I have a pretty keen eye when it comes to spotting when something’s wrong with my horses. Some might call me paranoid; I believe it has more to do with over-education from my job with TheHorse.com. So this morning I went on high alert when I saw Jack sulking in his loafing shed at breakfast time. He then starting moving toward the gate and I thought … well, I’m not going to actually type the word I thought as he walked toward me on three legs.

I thought this bad word (OK, maybe I muttered it aloud, but only my dog heard me) and started going through my mental horse-health inventory, scanning for the cause of his obvious discomfort.

Here, I could brag about my skill in identifying the source of lamenesses. I could tell you about all the abscesses and soft tissue injuries I’ve managed and rehabbed, or about the navicular and arthritic horses I’ve kept comfortable and in work. But, I think you’ll agree, identifying the cause of this lameness took no special skill or equestrian experience:

Jack

Jack put his foot through his favorite plaything, a small feed pan I gave him as a toy. He sustained no injury but was pretty sad about his situation.
Photo by Michelle Anderson

No, that’s not an impromptu bell boot. It’s Jack's favorite toy in the world wrapped around his pastern.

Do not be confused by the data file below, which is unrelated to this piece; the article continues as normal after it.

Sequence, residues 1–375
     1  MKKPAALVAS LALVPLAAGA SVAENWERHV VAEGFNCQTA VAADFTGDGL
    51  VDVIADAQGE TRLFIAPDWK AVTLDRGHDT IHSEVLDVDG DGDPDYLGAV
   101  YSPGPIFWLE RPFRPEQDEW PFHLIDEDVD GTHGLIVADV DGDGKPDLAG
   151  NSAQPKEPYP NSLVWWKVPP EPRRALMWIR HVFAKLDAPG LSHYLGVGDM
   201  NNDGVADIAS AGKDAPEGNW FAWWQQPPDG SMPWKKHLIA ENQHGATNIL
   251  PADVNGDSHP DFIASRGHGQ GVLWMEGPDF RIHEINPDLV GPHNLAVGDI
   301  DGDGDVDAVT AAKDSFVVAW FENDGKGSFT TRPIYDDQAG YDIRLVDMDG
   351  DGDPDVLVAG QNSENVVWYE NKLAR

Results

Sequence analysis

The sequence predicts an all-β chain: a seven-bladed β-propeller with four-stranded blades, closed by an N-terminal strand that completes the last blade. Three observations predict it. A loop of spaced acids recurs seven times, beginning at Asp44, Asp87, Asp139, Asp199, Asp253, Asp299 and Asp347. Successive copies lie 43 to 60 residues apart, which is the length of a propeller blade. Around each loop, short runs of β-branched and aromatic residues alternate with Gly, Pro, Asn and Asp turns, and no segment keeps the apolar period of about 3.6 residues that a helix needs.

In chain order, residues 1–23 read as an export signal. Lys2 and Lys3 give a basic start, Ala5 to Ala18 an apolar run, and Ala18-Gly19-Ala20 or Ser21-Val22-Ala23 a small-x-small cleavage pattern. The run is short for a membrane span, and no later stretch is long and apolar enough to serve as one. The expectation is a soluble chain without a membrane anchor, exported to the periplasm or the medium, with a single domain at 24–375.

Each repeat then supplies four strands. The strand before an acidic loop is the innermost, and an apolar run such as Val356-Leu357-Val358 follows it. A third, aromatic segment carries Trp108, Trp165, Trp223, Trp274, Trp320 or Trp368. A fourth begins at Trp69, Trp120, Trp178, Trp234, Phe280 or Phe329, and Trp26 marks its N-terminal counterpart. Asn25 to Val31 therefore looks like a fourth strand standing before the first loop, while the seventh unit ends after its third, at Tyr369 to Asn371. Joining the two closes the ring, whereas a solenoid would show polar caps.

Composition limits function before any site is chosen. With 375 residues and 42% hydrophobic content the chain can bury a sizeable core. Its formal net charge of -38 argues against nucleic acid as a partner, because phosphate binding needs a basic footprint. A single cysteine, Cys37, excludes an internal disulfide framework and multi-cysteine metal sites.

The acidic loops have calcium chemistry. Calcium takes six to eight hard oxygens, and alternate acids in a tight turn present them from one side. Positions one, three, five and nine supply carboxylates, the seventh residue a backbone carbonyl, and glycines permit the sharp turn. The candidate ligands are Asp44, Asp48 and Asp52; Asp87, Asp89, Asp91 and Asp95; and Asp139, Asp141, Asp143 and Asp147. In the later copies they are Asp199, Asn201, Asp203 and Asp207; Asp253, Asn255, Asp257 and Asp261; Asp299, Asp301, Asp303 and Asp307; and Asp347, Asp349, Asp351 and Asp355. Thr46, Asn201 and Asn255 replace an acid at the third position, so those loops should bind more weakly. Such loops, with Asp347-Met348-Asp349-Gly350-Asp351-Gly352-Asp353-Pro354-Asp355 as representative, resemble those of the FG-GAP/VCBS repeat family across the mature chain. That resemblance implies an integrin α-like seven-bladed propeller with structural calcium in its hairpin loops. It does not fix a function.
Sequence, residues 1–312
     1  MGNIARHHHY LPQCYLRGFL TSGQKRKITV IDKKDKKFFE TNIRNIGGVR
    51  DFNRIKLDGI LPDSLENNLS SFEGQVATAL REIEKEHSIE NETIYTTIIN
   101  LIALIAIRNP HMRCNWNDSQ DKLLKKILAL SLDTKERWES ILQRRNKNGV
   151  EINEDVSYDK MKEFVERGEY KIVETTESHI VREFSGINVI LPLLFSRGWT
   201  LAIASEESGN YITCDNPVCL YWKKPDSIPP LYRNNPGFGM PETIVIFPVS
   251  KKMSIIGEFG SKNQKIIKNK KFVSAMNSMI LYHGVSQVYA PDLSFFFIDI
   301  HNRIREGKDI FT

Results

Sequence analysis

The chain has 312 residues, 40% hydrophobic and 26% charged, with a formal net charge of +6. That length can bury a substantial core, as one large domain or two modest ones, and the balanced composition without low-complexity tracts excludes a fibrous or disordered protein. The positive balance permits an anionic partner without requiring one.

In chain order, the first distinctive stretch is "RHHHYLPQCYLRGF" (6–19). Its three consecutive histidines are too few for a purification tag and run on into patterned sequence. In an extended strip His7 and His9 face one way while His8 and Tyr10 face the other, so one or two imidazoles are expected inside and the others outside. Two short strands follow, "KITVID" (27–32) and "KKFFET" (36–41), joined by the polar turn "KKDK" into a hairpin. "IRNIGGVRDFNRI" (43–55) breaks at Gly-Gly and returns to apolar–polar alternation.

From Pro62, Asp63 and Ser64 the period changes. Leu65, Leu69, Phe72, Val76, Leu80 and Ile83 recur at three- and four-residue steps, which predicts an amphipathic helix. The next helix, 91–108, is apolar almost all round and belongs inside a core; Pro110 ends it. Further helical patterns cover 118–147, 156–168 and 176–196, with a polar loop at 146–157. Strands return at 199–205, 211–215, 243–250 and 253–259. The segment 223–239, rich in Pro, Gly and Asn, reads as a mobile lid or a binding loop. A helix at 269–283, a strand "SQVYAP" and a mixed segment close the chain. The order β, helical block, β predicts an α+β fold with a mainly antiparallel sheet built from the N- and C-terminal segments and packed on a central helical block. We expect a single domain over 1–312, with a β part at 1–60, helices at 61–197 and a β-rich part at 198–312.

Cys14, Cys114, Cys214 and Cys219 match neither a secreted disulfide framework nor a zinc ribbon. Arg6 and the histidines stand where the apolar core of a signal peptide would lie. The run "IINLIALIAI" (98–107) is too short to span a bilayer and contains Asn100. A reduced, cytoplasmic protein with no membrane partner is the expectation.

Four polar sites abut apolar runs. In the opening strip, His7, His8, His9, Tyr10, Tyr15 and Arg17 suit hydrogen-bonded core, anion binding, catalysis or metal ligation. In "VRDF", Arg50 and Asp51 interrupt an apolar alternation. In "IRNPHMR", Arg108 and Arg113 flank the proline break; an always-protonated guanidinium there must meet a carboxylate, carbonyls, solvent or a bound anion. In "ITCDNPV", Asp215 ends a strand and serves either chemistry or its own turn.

He is, in every sense of the word, a goofball of a horse who can’t help but mess with anything he can reach with his lips or legs. So, after he tossed his Jolly Ball into oblivion never to return and nearly skewered me with a sharp stick he pulled off a tree, I gave him a soft-rubber feed pan to keep him entertained. I thought there was no way a horse could get in trouble with an 8-inch feed pan as plaything.

And play he did. Jack spent hours tossing his beloved pan in the air, shaking it with all his might, and using it to bait his fence mate into games of chase. He would also spin it in circles on the ground making patterns to rival even the most devout Buddhist Monk’s Zen garden. Jack was so entertaining with his feed pan my neighbors would spend their afternoons watching him play from their living room window.

That’s all over now.

If a horse has pride, Jack’s was hurt by the unfortunate situation of wearing a feed pan like a bracelet, but fortunately he sustained no real injury. I’d given him the feed pan because I thought it was a benign object and an inexpensive form of entertainment. While he didn’t actually get hurt punching his leg through it, in retrospect I’m thinking he could have easily injured his heel or the soft-tissues structures of this lower leg. Knowing my horse, once he got stuck I’m sure he fought the pan as if it were a coyote latched to his leg, and that alone could have caused damage.

Silly horse, and silly owner.

So, today I am thankful to have a healthy horse that’s still in one piece. I’m also on the lookout for a safe, cheap toy to occupy Jack’s time. If you have any ideas for us, I’ll give it a try, see if it meets Jack’s approval, and post a picture. Any suggestions?